Members of Congress urge Biden to intervene against Rikers as de Blasio plans visit
A group of New York Congressional Democrats on Friday called on President Biden to use federal resources to deal with the crisis on Rikers Island, expressing a lack of confidence in the city’s ability to restore order to the complex penitentiary.
The letter was coordinated by Representative Ritchie Torres and by Friday afternoon had been signed by a dozen other lawmakers, most representing parts of New York City. He said the situation on Rikers Island, where 11 people detained have died this year, was a humanitarian crisis that posed a threat to the civil rights of the more than 5,000 people housed there.
Shortly after the letter was announced, Mayor Bill de Blasio announced he would be visiting Rikers Island next week. A number of state lawmakers have called on him to testify himself about the conditions there. The visit would represent its first since June 2017.
Mr Torres, in an interview, said blatant mismanagement of the complex during Covid-19 led to deplorable conditions which had been exacerbated by a crisis of absenteeism among the facility’s correctional officers.
Almost 2,000 uniformed officers are sick or absent on a daily basis, leaving those detained there without urgent medical or mental health care and delaying the delivery of basic necessities such as food and water.
“The city cannot be trusted to run Rikers Island on its own,” Torres said, noting that city leaders have yet to recognize the situation as a humanitarian crisis. Mr Torres said he expected a response from Mr Biden by next week.
âRikers Island is increasingly becoming a death sentence for those who have never been tried, let alone convicted of a crime,â Torres added. “If this isn’t a civil rights violation that warrants a federal investigation, I don’t know what it would be.”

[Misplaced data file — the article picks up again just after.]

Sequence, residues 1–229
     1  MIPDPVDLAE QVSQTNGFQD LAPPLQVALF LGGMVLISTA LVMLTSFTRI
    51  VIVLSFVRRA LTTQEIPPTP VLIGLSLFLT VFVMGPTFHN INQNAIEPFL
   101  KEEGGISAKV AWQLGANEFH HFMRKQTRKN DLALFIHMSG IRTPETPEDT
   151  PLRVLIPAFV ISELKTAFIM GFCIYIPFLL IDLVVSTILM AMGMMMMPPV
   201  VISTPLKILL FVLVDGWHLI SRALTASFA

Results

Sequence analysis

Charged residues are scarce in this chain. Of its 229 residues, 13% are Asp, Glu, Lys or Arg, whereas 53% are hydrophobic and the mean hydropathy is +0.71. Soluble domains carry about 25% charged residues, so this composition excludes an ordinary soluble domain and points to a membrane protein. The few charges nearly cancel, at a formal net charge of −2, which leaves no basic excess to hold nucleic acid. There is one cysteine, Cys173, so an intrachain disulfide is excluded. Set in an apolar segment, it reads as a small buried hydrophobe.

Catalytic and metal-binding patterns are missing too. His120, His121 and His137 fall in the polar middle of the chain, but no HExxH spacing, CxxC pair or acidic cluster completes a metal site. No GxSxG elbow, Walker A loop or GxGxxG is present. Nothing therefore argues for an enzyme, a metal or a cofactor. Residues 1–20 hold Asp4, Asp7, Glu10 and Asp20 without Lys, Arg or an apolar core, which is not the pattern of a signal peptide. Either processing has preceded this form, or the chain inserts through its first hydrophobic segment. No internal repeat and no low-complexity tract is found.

The letter from Congress, which was first reported by NY1, said an emergency plan released by Mr de Blasio last week did not represent the type of direct intervention that was clearly needed to alleviate the crisis.
When asked in a radio interview why he decided to visit Rikers, Mr de Blasio said: “I think it is time”, adding that he was going to the prison complex. now that âthe work is progressingâ on solutions.
In another development on Friday, an emergency hearing has been called in federal court in Manhattan to discuss the possible release of the inmates as well as security measures that could be implemented to alleviate the prison crisis.
The hearing involved parties to a civil rights lawsuit against the city and focused on what plaintiffs said was widespread abuse in Rikers. A settlement of the case in 2015 led to the appointment of a federal monitor, whose team provided regular updates to the court on the conditions at Rikers.
These reports have become increasingly serious in recent months, as conditions in the prison complex deteriorated, leading to Friday’s hearing. At the hearing, Monitor Steve J. Martin said he recently reviewed an incident in which officers who were six feet from an incarcerated person who actively hanged himself failed to intercede nor even recognized what was going on. The outcome of the incident was not immediately clear.